I spent a rather pleasant morning finishing de Legibus today, and was inspired to begin putting together some thoughts that I anticipate sharing at some future date. In the meantime, however, I was more than a little amused by these two passages, the first from Book One and the second from Book Two, particularly in light of having read The Moral Landscape. As a general rule, if your argument has not only been anticipated, but brutally dismissed, some 2,000 years in advance, you should probably consider rethinking it.
“As for those who go in for self-indulgence and are slaves of their own bodies – people who measure everything they should seek and avoid in life by the yardstick of pleasure and pain – even if they are right (and there is no need to take issue with them here) let us tell them to preach in their own little gardens and let us ask them to keep away for a little while from any participation in public life, an area of which they know nothing and have never wished to know anything….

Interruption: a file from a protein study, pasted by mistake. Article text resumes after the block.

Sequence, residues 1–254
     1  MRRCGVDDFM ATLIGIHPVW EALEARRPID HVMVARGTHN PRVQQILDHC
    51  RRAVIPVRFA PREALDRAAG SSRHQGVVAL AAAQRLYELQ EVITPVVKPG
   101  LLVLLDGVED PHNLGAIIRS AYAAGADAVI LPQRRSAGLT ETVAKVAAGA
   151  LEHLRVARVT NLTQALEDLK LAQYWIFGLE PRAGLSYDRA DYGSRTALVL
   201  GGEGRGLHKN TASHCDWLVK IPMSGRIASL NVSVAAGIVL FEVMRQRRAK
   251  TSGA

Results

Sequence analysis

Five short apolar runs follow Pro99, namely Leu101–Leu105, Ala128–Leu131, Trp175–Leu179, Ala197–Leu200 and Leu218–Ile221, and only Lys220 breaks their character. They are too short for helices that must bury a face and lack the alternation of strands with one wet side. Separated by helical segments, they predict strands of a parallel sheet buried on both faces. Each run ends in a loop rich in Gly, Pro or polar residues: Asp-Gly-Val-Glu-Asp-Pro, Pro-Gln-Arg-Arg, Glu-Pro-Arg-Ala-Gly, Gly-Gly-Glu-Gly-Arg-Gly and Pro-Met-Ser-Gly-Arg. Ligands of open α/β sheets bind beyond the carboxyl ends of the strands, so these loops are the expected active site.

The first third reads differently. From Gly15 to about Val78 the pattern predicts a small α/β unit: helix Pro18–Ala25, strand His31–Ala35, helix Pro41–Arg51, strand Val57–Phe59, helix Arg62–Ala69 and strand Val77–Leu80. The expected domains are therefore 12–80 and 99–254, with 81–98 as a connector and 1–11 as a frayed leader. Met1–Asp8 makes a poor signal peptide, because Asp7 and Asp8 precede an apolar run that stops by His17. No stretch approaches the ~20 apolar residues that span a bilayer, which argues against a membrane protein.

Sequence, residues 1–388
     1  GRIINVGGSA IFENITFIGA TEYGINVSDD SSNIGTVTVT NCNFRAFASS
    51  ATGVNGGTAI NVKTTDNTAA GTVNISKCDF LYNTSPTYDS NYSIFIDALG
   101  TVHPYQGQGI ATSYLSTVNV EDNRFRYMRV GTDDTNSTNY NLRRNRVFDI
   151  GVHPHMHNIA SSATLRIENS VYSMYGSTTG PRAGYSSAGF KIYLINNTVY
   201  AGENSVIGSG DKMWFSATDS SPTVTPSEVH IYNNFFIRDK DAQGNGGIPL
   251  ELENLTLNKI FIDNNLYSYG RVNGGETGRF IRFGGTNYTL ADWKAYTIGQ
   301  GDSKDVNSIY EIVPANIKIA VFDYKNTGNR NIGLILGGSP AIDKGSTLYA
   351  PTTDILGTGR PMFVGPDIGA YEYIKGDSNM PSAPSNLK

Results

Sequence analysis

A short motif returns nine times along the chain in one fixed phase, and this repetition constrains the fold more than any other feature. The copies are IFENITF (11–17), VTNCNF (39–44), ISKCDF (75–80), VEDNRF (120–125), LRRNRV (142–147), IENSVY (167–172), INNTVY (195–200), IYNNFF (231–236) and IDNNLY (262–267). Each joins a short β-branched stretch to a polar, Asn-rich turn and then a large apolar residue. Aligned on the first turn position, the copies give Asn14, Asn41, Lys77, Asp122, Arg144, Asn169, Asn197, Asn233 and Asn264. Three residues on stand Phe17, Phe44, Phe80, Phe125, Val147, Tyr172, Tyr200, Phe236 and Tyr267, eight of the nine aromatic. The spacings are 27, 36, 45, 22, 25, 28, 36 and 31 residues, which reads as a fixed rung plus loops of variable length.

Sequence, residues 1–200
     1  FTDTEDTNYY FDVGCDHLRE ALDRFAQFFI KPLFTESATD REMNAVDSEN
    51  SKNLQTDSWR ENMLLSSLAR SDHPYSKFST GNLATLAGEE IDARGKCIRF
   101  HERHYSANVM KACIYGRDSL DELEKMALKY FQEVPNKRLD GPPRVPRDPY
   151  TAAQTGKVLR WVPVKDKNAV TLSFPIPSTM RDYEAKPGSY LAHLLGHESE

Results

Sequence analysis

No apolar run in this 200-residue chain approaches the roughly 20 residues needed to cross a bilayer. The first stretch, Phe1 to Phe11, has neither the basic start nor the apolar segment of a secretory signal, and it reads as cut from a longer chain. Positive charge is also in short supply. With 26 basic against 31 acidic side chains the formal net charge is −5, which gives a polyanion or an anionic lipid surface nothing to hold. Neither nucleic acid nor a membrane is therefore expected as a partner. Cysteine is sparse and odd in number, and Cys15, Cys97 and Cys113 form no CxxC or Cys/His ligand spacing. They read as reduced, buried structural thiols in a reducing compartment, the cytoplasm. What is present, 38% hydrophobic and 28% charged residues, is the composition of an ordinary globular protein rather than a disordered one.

What can be more certain than this, that no one should be so stupid and arrogant as to believe that reason and intelligence are present in him but not in the heavens and the world? Or that those things which are barely understood by the highest intellectual reasoning are kept in motion without any intelligence at all? As for the person who is not impelled to give thanks for the procession of the stars, the alternation of day and night, the regular succession of the seasons, and the fruits which are produced for our enjoyment – how can such a person be counted as human at all?”
I think we can be confident that the great Roman humanist would not only be unimpressed with the proposed science of morality based on the happiness/suffering metric, but like most Americans today, he would be more than a little reluctant to cast a presidential vote for an atheist.